COTA Victoria has been running a project supporting people over 50 to secure employment. People over 50 may find themselves looking for a job because they are getting back into the workforce, changing careers or trying to increase their hours of work.
Identifying your relevant skills
Many mature job seekers feel uncertain about how their previous work experience or skills can translate into the modern workforce. It’s important to identify your ‘soft’ or transferable skills. Soft skills aren’t always work-related: they might be skills that you’ve gained through your lived experience.
Soft skills include things like:
- emotional intelligence – which means knowing yourself and managing your own emotions
- a collaborative or ‘team player’ approach – meaning an ability to work with others and consider different perspectives
- a growth mindset – which can mean being open to feedback and wanting to improve
- being adaptable – experience in different industries, as well as in life, makes you very good at adapting
- a strong work ethic – this might come from a desire to stay engaged in your work.
Learning new skills
One of the biggest challenges for older people looking to start a new career can be utilising the technology required. Computers and technology are a huge part of everything we do now, from banking and paying bills to keeping in touch with family. It can be nerve wracking to even start the application process. However, it is worth taking the time to develop IT skills, as they will help you in your personal as well as your professional life. Once you’ve taken some time to learn the basics, you’ll soon find your way around.
Advice for mature age job seekers
We interviewed Sandy Simmons, a recent mature aged jobseeker, asking what advice she has for others in the same boat.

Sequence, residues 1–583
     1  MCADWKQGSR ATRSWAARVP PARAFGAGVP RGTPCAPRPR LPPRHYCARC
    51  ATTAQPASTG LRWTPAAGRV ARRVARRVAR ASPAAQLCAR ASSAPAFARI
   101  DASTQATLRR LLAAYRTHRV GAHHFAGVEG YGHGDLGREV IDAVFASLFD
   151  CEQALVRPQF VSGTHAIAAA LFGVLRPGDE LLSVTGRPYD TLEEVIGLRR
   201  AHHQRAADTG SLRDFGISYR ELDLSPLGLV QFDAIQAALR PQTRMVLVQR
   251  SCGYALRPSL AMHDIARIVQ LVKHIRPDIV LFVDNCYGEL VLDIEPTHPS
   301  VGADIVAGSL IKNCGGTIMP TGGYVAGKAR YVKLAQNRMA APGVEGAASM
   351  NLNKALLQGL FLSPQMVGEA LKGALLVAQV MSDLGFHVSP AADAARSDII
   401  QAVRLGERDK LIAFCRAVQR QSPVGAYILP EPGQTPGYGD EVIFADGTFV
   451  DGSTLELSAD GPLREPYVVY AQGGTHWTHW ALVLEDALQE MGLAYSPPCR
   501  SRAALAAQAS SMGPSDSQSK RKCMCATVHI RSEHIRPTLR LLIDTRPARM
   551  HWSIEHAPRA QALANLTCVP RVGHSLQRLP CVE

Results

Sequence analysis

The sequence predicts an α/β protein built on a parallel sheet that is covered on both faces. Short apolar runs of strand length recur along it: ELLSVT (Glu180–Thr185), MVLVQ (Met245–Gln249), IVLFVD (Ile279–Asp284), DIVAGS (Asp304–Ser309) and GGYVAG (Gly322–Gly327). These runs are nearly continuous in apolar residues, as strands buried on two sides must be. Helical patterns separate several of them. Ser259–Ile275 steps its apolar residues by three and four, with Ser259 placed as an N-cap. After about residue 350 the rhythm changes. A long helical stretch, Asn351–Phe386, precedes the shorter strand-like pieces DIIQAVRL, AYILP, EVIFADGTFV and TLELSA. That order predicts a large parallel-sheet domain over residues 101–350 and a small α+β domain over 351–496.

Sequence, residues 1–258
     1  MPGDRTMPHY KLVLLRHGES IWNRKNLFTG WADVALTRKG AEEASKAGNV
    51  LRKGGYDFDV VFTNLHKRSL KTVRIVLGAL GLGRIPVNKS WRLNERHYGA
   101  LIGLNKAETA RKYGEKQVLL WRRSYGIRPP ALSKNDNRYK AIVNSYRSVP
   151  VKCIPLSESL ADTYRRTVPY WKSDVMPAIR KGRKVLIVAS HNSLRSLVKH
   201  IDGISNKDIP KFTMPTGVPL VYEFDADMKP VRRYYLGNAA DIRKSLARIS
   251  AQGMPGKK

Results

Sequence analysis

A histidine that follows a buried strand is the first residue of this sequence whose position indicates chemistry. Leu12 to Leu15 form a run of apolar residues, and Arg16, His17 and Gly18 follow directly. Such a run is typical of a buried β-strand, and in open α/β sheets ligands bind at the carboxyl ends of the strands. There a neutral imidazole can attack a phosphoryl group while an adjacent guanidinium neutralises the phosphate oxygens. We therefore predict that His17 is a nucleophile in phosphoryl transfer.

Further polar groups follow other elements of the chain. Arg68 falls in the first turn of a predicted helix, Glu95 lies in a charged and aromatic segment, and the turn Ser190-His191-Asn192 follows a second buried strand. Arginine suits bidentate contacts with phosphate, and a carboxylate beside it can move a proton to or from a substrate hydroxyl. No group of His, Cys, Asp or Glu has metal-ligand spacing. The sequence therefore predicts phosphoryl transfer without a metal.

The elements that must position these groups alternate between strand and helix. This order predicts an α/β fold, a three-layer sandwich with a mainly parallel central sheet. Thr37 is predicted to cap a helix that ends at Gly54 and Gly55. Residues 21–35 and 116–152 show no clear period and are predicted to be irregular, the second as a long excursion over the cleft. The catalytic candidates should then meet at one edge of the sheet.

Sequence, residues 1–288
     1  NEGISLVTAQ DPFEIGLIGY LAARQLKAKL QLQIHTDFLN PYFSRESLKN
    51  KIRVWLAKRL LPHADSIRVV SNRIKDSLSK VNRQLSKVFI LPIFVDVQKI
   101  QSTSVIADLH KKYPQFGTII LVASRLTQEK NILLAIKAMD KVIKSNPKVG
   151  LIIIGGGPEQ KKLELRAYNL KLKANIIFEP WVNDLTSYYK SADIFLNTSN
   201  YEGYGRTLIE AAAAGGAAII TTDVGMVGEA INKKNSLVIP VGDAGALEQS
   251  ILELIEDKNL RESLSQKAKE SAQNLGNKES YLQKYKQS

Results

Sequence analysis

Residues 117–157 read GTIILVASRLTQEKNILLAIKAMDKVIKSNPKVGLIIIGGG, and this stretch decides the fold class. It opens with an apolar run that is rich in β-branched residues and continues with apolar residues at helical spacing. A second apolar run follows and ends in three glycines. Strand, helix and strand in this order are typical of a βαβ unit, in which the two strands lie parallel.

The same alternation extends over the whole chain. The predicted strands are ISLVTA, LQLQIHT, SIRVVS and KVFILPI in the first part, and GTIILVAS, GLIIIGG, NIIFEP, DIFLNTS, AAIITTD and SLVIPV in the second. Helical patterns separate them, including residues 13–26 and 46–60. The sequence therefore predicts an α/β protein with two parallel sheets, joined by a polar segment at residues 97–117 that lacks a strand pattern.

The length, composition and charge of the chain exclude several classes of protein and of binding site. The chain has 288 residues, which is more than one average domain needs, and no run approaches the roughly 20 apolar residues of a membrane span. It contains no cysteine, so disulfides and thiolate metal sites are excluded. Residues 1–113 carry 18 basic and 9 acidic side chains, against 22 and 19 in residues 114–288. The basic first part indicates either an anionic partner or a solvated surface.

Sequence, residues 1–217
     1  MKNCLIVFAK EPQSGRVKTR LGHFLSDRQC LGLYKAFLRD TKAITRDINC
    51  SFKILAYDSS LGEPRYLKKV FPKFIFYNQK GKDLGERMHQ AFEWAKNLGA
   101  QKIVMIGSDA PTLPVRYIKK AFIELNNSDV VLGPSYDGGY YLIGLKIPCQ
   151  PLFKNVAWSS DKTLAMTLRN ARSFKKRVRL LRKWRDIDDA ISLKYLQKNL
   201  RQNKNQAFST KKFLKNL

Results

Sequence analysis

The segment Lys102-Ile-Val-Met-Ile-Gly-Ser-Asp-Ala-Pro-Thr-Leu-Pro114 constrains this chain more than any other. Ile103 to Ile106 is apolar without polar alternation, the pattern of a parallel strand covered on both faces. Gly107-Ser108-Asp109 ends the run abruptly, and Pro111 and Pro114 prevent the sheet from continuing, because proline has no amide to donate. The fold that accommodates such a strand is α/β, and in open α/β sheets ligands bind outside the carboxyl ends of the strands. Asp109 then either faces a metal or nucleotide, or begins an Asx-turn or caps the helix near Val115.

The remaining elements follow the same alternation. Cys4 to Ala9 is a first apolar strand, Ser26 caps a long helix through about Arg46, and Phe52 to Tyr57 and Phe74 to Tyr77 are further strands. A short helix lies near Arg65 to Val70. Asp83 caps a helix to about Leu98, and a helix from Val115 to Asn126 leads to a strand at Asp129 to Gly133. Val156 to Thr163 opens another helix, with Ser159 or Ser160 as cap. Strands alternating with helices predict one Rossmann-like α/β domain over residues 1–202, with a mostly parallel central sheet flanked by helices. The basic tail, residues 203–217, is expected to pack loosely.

What are you up to these days?
I am resurrecting my business in the health industry and getting it all online.
I gained myself some extra employment a couple of years ago at a winery.
You got the job, even though you hadn’t worked at a winery before. How did you demonstrate your transferable skills?
I explained that I have always loved sparkling wine and that I frequented the winery. I put myself forward, saying how I would love to work there.
It’s really about putting yourself forward, so that people can get to know you.
Do you think looking for work when you are over 50 is more challenging?
Yes. There’s a perception that ‘I’m not valuable. I’m not up with the latest.’ In that way it becomes more difficult.
I always say, ‘Give it a go.’
What does having work mean for you?
Work for me means I keep occupied. I don’t like sitting idle. I always find something to do.
I moved into health because I have had family members with health problems, and I decided to be as healthy as I possibly could. I built up my own business. It’s slow. Sometimes I did things for free, so that people could get to know me, such as free talks.
What has changed for you with your work in recent times?
I have been used to seeing people in person in a clinic situation and now everything is online. I’ve had to take on all that IT stuff. That’s challenging.
What advice to you have for other mature job seekers?
If you’ve got something to share – and all seniors do because we’ve got life experience – you don’t have to have qualifications. Think outside the box and give it a go. The hardest part is getting over the hurdle of thinking ‘This is how I do things. How can I do anything different?’
Don’t limit yourself to what you think you can do. Just trawl the internet and see what else there is. Sometimes it could be something you love and are interested in. It could be a hobby.
Think of the things you love. A friend loved her records and started playing them and being a DJ and set up a group online and her knowledge interested people.
So, take the things that you love and share them.
Take that plunge!
Sandy’s business is https://simplybetterhealth.com.au/